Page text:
Jane Weber Main

Jane Weber

JANE'S GARDEN

Florida — north of the Tropic of Cancer (23°30’N latitude) lies between 24°30’ N and 31°N and is a peninsula bounded by seas on three sides. As the warmest state in the continental United States, Florida has a humid subtropical climate north of a line between Tampa and Palm Bay and a tropical climate south of Lake Okeechobee. Between these two climate zones is an intermediate area.

Florida summers are hot and humid with rain, while winters are drier and cooler. Homeowners must be aware that tropical plants which evolved in the hot tropics may not thrive in a subtropical climate. Similarly, temperate and continental northern plants cannot survive in Florida’s subtropical-to-tropical climes.

Our Sunshine State has about 250 full sun days a year, with each day having more than six hours of sunshine. Great for gardeners and plants. Average annual rainfall in central Florida is historically about 53 inches, but has varied from between between 33 and 77 inches, depending on the year. From October to May, Florida’s eight-month dry season has about 2.71 inches of rainfall per month, but the wet season’s four summer months, June through September, average 7.75 inches monthly.

Granville Kinsman, the hydrologic data manager at Southwest Florida Water Management District (SWFWMD) commented: “We get almost all of our annual rainfall in the four rainy season months. During that time, our groundwater and surface water levels typically rise. Likewise, our lakes, rivers and groundwater levels typically decline during the eight-month dry season. Regular flood and drought cycles can interrupt these seasonal trends.”

Central Florida can get several inches of rain in a typical afternoon thunderstorm. More thunderstorms occur in Florida than in any other continental state. Miami and West Palm Beach are among the top ten rainiest cities in the contiguous U.S. Mobile, Ala. is currently the rainiest city in the lower 48 states, with an average of 67 inches annually on about 59 days a year. After Mobile, the nine rainiest U.S. cities are, in order: Pensacola; New Orleans, La.; West Palm Beach; Lafayette, La.; Baton Rouge, La.; Miami; Port Arthur, Texas; Tallahassee; and Lake Charles, La. Note the rainiest cities are mostly along the Gulf of Mexico.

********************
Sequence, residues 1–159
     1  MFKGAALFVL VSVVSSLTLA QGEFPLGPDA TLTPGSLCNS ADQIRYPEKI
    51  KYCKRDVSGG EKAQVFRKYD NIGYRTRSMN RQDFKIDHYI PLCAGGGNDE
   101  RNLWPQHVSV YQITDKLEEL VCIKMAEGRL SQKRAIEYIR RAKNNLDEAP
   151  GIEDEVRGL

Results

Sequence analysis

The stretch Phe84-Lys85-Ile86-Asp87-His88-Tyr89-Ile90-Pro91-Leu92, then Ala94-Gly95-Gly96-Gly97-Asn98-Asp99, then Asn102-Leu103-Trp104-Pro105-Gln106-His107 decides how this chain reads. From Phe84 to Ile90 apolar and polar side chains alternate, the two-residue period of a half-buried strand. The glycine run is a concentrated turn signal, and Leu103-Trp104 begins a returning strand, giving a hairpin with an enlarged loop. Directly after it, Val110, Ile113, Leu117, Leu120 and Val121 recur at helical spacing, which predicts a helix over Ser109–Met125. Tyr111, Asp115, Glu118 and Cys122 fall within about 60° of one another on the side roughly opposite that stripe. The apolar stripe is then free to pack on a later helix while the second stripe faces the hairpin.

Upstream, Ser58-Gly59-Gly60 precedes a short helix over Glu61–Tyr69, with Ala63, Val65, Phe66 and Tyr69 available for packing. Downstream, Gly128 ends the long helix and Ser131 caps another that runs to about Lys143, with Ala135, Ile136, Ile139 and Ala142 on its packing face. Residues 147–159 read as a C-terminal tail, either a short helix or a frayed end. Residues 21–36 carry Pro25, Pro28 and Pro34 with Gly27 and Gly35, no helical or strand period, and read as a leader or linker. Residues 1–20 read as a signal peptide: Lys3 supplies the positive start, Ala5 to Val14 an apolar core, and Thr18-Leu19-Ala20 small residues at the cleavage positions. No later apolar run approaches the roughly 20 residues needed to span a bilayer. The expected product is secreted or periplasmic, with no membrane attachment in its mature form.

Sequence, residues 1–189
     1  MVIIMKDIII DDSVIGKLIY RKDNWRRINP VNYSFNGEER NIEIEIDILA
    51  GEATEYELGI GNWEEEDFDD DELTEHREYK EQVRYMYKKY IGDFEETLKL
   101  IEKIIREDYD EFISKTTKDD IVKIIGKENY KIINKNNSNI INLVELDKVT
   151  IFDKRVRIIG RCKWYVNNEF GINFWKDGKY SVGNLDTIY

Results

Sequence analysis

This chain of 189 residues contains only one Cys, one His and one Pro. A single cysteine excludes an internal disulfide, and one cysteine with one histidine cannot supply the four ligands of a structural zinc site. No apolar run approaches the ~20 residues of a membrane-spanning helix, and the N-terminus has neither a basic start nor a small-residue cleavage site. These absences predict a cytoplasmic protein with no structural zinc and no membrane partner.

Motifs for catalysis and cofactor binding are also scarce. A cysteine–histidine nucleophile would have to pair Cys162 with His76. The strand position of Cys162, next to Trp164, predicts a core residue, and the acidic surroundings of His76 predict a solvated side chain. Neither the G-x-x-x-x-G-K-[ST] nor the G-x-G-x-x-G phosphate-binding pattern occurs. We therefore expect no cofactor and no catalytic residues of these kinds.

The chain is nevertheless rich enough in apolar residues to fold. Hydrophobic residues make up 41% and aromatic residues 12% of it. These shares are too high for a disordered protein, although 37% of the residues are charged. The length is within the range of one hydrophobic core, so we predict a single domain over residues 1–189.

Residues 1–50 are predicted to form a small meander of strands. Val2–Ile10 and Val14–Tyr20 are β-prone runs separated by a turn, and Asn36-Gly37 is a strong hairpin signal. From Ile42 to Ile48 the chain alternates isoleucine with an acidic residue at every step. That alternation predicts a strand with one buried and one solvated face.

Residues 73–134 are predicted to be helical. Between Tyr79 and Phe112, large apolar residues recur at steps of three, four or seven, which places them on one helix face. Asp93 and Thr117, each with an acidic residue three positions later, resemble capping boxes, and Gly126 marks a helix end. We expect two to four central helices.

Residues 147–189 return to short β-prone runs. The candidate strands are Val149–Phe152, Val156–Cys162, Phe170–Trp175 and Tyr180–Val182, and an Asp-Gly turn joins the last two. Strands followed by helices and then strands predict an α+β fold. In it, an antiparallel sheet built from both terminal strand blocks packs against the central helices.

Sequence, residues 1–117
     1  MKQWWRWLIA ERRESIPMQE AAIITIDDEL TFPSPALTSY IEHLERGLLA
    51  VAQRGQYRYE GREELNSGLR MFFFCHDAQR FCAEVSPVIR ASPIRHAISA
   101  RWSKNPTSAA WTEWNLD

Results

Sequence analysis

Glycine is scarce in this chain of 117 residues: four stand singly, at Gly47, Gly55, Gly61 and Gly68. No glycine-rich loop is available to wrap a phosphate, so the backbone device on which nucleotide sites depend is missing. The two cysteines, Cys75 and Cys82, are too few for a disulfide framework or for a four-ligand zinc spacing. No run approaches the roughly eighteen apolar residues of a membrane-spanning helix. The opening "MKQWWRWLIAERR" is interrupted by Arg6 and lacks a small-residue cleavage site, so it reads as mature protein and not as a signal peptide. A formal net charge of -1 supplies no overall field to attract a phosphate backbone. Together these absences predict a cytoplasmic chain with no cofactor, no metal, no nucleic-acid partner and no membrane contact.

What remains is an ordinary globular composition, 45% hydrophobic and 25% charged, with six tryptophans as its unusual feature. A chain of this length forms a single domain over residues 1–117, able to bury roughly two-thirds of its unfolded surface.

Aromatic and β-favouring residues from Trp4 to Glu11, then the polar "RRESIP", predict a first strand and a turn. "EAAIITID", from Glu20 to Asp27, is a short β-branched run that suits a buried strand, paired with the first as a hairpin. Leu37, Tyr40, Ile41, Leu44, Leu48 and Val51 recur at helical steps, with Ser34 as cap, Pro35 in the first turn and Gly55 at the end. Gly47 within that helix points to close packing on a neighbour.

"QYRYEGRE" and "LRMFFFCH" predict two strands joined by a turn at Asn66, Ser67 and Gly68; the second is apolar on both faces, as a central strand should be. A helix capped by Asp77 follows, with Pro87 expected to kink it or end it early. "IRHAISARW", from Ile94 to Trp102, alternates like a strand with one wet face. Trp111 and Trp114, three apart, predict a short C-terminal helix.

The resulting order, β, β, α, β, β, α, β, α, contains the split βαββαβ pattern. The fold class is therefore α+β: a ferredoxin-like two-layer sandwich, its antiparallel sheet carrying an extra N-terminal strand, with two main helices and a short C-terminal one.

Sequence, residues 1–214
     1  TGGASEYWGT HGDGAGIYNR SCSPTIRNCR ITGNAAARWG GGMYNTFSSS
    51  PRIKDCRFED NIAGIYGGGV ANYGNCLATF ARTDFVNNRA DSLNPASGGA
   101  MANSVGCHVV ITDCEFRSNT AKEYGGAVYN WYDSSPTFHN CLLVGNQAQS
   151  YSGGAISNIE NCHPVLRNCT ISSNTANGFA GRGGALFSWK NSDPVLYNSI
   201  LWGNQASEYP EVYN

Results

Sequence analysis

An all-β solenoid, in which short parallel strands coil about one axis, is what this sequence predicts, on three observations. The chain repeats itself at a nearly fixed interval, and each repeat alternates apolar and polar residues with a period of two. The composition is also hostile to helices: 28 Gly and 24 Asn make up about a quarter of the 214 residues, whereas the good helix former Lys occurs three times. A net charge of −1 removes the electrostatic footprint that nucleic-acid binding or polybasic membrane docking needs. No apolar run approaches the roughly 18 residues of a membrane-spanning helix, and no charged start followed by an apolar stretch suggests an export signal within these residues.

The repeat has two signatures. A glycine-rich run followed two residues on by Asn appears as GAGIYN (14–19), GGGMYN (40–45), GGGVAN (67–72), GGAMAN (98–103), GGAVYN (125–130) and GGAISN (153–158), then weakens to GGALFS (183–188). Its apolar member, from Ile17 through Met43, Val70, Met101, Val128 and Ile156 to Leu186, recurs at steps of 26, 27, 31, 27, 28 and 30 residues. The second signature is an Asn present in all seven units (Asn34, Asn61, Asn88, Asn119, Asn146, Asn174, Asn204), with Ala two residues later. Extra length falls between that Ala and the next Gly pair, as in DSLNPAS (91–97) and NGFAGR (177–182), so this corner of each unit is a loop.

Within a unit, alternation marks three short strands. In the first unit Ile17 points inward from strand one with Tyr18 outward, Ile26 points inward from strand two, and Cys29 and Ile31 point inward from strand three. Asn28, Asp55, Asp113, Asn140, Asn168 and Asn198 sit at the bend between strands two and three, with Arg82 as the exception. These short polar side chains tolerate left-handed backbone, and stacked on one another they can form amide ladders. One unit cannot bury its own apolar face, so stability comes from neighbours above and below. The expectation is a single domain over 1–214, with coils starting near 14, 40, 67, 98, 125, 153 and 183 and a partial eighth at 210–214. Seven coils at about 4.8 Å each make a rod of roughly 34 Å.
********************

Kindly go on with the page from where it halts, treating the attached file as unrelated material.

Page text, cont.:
Kinsman pointed out: “An interesting fact is that the official weather monitoring station for Tampa at the Tampa International Airport receives much less rainfall than the surrounding areas. That station’s average rainfall is 46.3 inches, compared to the 53 inches that is normal for the greater central Florida area.”

Contrary to popular folklore, Seattle does not make the top 10 rainfall cities list. Now 24th in terms of overall raininess, Olympia, Wash. had the highest average number — 63 rainy days in a year — for 30 years. The rainiest place in the U.S. is Mt. Waialeale on Kauai, Hawaii, with an average 460 inches annually.

Weather in Florida is influenced by latitude, the surrounding seas and locally by bodies of water such as lakes, springs, rivers, wetlands and canals. According to SWFWMD, central Florida had 0.91 inches of rain in January and 1.91 inches in February, well below historical average rainfall. Average rainfall in April is 3.44 inches.

Hydrologic conditions for the month of February, prepared by the Hydrologic Data Section Data Collection Bureau as of March 24, can be viewed at www.swfwmd.state.fl.us/resources/data-maps.

Online, SWFWMD’s Hydrologic Data Section has information available on rainfall and water levels which can be viewed at www.swfwmd.state.fl.us/resources/data-maps/hydrologic-data.

The Climate Prediction Center (CPC) has three-month (March through May and June through August) weather forecasts. As of March 19, this outlook indicates above-normal rainfall throughout the district from April through August 2020. The companion temperature forecast for April through August indicates above-normal temperatures in all three-northern, central and southern regions of the SWFWMD area. For more information, log on to the CPC’s website at www.cpc.ncep.noaa.gov/products/OUTLOOKS_index.html.

The British saying goes, “April showers bring May flowers.” That is certainly true in the UK, the land of my birth and childhood. But now I enjoy year-round warmth in the Sunshine State. The Florida aquifer provides pure well water. Natural rainfall refills Florida’s underground storage aquifer. Forty coastal desalination plants supplement aquifer resources. The USA’s first desalination plant was at Fort Taylor in Key West in the 1840.

In Florida’s torrid summer, the peninsula’s land mass heats up every morning from the ample sunshine. Hot air expands and rises. In turn, cooler air over the surrounding seas flows inland to fill the vacuum. By afternoon, inflowing sea breezes collide in claps of thunder, flashes of lightning and deluges of rain.

Florida residents can go indoors into air-conditioned spaces to avoid afternoon summer heat, humidity and thunderstorms. Plants out in the garden and environment depend on rainfall to grow and thrive. April showers? Florida must wait until the rainy season starts in June.

Jane Weber is a professional gardener and consultant. Semi-retired, she grows thousands of native plants. Contact her at jweber12385@gmail.com or phone 352-249-6899.

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